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Take Me to the River

In our last section of Sotah we come to the stark and unsettling laws of the eglah arufa, the calf that has to be slaughtered if a murder is committed and no one knows who did it. One of the details of this ritual is that the elders of the city must take the calf down to a nahal eitan 谞讞诇 讗讬转谉:

鈥渁nd the elders of that town shall bring the heifer down to a nahal eitan, which is not tilled or sown. There, in the wadi, they shall break the heifer鈥檚 neck.鈥 (Devarim 21:4)

I am deliberately not translating the words because if you look at different English translations of these two words you will see a marked difference. The JPS and others translate the words as an 鈥渆verflowing wadi,鈥 the Koren and the Metsudah, as well as the old version of the JPS say it is a 鈥渟tony valley鈥 or a 鈥渞ough ravine.鈥 Does this nahal have water or is it just a deep cut in the earth?

The translations continue the argument that is in the classic commentators as well as the Gemara about the meaning of the words nahal eitan. But before we get there, it is interesting to note its meaning in modern Hebrew. If you go on a hike in Israel, chances are good it will involve a nahal 谞讞诇. You tell the kids, they are excited -water, hurray! But no, most of the time the nahal is what is known as a nahal achzav 聽谞讞诇 讗讻讝讘, a riverbed that does not 鈥渒eep its promise鈥 of having water, i.e., a seasonal river that only flows in the winter. A better English word would be 鈥済orge,鈥 which does not imply water. The Arabic word wadi is similar, a topographical feature that may or may not have water.

Nahal Zin in the Negev

David Shankbone, CC BY 3.0 <https://creativecommons.org/licenses/by/3.0>, via Wikimedia Commons

In contrast to that is the nahal eitan, the 鈥渟trong鈥 riverbed, that flows with water all year long, because its source is a spring and not rain. A good example of such a riverbed is at Tel Dan where the mighty Dan river flows out of the spring and eventually into the Jordan River:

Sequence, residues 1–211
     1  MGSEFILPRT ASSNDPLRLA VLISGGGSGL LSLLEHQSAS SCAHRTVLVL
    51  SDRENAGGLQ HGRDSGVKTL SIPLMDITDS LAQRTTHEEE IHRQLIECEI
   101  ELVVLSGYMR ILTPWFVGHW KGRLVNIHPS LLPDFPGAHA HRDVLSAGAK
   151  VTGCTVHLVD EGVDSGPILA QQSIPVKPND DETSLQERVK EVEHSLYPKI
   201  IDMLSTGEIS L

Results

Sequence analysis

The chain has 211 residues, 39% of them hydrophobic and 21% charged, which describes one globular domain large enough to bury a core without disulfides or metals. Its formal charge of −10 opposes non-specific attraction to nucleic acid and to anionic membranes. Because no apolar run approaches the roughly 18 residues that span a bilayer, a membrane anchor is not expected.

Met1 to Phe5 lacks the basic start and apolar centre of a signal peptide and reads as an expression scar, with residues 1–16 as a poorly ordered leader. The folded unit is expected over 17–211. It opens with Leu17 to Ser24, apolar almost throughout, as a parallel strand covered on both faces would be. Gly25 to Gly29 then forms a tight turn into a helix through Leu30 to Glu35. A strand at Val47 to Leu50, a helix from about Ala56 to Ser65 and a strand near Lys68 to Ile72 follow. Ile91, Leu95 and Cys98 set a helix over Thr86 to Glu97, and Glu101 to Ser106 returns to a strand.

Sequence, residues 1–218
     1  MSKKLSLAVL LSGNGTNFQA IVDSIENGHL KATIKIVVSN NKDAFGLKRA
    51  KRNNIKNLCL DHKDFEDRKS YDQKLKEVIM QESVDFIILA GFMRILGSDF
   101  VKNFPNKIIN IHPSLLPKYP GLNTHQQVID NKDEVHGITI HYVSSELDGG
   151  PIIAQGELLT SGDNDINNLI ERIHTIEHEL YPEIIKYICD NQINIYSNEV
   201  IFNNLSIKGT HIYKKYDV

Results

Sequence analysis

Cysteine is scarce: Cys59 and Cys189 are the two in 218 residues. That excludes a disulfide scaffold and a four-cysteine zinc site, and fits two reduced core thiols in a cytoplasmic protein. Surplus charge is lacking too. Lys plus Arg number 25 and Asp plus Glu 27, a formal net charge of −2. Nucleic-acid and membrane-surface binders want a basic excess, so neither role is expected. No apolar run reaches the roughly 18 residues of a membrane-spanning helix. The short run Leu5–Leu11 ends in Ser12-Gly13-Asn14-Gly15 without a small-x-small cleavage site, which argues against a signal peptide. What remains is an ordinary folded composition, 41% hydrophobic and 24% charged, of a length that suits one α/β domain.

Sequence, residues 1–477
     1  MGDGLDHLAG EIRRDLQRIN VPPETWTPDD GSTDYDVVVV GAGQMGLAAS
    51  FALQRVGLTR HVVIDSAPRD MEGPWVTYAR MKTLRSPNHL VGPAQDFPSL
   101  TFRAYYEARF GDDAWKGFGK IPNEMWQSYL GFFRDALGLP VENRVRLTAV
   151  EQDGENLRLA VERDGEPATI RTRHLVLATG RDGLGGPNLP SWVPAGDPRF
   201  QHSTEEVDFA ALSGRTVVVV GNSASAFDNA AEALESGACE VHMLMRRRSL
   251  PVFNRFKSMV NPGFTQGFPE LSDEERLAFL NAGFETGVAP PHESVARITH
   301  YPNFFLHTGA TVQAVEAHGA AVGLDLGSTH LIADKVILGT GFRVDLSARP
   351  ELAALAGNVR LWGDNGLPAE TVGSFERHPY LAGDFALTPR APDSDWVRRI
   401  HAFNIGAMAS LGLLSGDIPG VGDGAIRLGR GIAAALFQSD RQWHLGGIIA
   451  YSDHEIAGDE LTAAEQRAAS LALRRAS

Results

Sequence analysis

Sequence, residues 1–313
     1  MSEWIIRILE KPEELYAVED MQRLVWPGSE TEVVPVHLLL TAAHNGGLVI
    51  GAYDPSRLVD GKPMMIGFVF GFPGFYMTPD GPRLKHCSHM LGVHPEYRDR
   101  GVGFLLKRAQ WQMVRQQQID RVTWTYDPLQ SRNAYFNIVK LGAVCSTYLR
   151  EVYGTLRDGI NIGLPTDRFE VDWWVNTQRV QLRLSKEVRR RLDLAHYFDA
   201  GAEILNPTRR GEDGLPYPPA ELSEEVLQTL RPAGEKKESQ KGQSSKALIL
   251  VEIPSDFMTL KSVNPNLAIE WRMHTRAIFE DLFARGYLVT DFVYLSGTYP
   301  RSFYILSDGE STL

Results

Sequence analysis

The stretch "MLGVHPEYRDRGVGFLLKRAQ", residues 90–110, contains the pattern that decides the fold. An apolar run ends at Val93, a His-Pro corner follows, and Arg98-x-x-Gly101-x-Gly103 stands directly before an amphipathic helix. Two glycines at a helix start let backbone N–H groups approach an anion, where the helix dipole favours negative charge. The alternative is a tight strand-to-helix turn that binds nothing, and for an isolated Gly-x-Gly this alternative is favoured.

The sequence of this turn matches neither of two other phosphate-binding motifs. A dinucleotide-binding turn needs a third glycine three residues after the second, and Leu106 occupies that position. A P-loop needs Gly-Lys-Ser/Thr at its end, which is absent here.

Nahal Dan

user:netanel_h, CC BY-SA 3.0 <http://creativecommons.org/licenses/by-sa/3.0/>, via Wikimedia Commons

This sense of a flowing riverbed is famously used in the beautiful image of the prophet Amos:

讜职讬执讙旨址芝诇 讻旨址诪旨址謻讬执诐 诪执砖讈职驻旨指謶讟 讜旨爪职讚指拽指謻讛 讻旨职谞址芝讞址诇 讗值讬转指纸谉

But let justice well up like water,
Righteousness like an unfailing stream. (Amos 5:24)

But is this what the Torah has in mind when it calls for the elders to go down to a nahal eitan? Not according to the Mishnah and the Gemara:

鈥淭he Sages taught: From where is it derived that eitan is forceful? It is as it is stated: 鈥淔irm [eitan] is your dwelling-place, and your nest is set in the rock鈥 (Numbers 24:21) (Sotah 46a-b)

Rashi explains that the parallel in the verse quoted is between eitan and sela, eitan and rock, so clearly eitan means rocky. He follows this line of reasoning in his Torah commentary as well and describes the nahal eitan as 拽砖讛, harsh or hard.

Rabbi Saadia Gaon and the Aramaic commentaries do the same. No one mentions water, all talk about a place that is rocky and hard. But a shift is detected in Maimonides, both in his commentary on the Mishnah and in particular in his explanation of the law of the calf in the Mishnah Torah:

鈥淭hey bring the calf to a river that flows forcefully. This is the meaning of the term eitan found in the Torah (Deuteronomy 21:4)鈥 (Maimonides, Mishneh Torah, Laws of the Murderer and the Preservation of Life (讛诇讻讜转 专讜爪讞) 9:2)

Maimonides鈥 explanation is that the nahal has to have water, in fact a very strong flow of water. Other commentators, and as we have seen, modern translations, follow him, citing the prooftext we have seen in Amos as well as another one in Tehillim: 74:15

讗址转旨指郑讛 讘指汁拽址注职转旨指 诪址注职讬指郑谉 讜指谞指謶讞址诇 讗址转旨指芝讛 讛譂讜止讘址謼砖讈职转旨指 谞址讛植专芝讜止转 讗值讬转指纸谉變

it was You who released springs and torrents,
who made mighty rivers run dry;